Sacramento County and Dignity Health are undertaking an $18.7 million effort to relieve pressure on the region’s psychiatric hospitals by opening a facility at Mercy San Juan Medical Center that will treat patients in behavioral health crisis for up to 23 hours.
Roughly 4,000 patients a year come to the emergency room at Carmichael’s Mercy San Juan with a behavioral health crisis, said Rosemary Younts, senior director of behavioral health for Dignity Health, and that kind of volume is tough to match or beat in Sacramento County. Both Dignity and county officials, she said, recognized the region served by the hospital needed intensive crisis services.
“Most emergency departments are not the most appropriate places for patients in a mental health crisis,” Younts said. “They’re noisy. They’re loud. They’re very crowded. It often makes it worse for someone suffering from mental illness.”
People often end up in the emergency room because they’re a danger to themselves or others, said Ryan Quist, director of the Division of Behavioral Health Services at Sacramento County. Many come to the Mercy San Juan campus at 6501 Coyle Ave. because someone called 911, and an ambulance or law enforcement brought them into the emergency room. Others come on their own, Younts said, because they are suffering from extreme depression or anxiety.
“There is a huge psychiatry shortage where individuals aren’t able to get their medication services, and so individuals often will go into crisis because their prescription has ended,” Quist said. “This is another opportunity for us to help support people in those situations to keep them from moving to a higher level (of crisis).”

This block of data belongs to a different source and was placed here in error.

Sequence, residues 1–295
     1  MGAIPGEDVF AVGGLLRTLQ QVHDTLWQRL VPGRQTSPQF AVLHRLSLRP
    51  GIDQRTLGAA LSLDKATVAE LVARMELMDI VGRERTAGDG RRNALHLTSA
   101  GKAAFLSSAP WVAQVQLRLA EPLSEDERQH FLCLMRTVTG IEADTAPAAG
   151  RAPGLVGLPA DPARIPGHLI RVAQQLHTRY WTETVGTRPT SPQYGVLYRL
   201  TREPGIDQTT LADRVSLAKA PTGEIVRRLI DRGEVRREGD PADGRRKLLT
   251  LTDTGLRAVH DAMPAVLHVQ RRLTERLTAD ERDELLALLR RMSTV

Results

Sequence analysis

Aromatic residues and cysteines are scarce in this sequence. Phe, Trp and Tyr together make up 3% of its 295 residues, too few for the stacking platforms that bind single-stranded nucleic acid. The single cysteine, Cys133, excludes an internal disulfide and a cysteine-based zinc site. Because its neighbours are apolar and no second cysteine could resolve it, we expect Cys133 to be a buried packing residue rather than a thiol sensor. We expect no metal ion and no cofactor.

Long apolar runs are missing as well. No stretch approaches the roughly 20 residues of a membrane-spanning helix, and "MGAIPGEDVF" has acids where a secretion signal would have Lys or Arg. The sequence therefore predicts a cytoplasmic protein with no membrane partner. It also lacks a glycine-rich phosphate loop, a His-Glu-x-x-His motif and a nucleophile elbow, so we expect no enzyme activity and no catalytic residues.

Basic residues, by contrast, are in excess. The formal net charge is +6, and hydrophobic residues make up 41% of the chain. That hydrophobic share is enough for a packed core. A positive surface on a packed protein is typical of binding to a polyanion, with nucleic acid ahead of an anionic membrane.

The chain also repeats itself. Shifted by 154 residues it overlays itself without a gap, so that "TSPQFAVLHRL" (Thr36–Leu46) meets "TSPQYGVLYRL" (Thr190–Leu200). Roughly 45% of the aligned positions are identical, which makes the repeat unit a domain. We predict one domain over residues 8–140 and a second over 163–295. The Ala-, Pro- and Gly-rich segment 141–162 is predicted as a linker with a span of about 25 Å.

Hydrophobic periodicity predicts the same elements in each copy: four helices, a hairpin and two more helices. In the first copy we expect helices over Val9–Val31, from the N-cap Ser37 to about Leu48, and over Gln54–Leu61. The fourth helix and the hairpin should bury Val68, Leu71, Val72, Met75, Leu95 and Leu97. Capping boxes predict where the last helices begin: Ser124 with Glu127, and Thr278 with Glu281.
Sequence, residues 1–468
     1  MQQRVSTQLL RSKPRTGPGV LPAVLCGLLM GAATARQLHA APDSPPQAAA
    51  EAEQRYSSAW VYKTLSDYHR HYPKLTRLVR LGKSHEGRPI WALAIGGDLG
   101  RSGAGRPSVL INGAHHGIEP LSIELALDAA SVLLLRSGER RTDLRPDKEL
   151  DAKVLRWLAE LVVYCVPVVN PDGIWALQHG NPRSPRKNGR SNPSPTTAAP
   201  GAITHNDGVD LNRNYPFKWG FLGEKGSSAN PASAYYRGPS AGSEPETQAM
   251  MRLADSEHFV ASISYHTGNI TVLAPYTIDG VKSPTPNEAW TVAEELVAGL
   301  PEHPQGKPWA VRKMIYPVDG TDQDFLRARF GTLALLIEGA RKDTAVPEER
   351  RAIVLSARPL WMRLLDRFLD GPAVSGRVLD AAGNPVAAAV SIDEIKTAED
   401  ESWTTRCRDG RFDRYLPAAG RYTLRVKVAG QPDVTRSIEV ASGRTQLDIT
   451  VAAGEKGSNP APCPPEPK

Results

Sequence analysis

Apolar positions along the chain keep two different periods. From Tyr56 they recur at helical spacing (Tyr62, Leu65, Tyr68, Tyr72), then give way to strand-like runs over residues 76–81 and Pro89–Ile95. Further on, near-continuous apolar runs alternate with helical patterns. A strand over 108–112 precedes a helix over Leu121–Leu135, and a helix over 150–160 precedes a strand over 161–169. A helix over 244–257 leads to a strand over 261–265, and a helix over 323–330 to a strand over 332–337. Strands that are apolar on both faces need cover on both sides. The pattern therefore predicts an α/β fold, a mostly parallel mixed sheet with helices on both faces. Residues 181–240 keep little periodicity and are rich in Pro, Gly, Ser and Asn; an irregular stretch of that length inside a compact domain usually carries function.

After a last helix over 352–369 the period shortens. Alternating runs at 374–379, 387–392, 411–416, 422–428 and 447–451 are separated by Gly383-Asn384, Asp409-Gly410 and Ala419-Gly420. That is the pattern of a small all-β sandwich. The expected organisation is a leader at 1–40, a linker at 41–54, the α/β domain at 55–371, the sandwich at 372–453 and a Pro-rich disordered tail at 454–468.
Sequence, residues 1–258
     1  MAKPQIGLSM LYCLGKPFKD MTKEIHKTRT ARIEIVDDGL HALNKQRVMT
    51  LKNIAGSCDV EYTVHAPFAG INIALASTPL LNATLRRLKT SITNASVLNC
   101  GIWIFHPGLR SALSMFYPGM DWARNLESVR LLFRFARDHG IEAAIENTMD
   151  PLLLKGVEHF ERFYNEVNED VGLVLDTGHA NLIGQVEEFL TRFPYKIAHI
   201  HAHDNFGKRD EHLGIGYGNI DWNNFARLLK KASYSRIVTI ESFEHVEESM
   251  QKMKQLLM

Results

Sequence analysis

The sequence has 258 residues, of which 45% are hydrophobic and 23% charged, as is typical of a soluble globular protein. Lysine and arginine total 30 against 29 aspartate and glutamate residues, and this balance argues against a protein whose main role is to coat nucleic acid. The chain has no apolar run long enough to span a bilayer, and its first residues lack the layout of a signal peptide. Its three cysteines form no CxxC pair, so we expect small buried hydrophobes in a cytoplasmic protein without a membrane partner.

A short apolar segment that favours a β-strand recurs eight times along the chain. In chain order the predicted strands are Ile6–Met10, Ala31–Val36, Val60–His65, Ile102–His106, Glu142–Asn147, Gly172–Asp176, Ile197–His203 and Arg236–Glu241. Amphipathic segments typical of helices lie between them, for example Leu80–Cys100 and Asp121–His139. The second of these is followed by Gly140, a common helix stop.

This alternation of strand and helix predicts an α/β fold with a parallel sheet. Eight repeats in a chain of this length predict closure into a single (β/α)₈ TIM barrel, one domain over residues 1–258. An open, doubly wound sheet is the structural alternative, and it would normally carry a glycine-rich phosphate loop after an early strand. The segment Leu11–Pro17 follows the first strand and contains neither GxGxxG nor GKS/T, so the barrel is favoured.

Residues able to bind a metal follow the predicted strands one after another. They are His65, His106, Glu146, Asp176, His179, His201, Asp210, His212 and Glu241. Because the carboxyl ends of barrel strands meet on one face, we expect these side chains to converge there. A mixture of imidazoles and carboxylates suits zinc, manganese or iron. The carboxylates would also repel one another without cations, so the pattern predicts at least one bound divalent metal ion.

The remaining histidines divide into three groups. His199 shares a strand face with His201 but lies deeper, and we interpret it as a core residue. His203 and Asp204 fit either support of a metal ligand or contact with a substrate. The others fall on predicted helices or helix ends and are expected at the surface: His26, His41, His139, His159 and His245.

Quist, Younts and other officials planned Tuesday morning to show off the new unit which they hope to open later this month – to visiting dignitaries and Mercy San Juan staff.
Quist, who has been in his position for only two months, credited Younts and his predecessor, Uma Zykofsky, with seeing how a crisis stabilization unit at Mercy San Juan would help Sacramento County residents and applying for the funding to fill the need there.
The lion’s share of the 3,400-square-foot facility’s cost – $13.9 million – comes from Proposition 63, now known as the Mental Health Services Act, which levied a 1 percent income tax on personal income above $1 million. The initiative was approved in 2004, and much of its funding goes to counties to do work in prevention, early intervention, infrastructure, technology and training.
Sacramento County leaders could have put other projects forward for a share of the funds, but after feedback from community members, they decided that the crisis stabilization unit at Mercy San Juan should be a priority. They sought the money from a pool of funding in the Mental Health Services Act set aside for innovation, and they won approval from the group that holds the purse strings, the Mental Health Oversight and Accountability Commission.
Quist and Younts said they felt the new crisis stabilization unit would secure innovation funding because psychiatric professionals have more time to evaluate the severity of each patient’s condition, the unit offers a resource center where patients and their families get help with re-entry into their lives, and the project elicited both both public and private funding.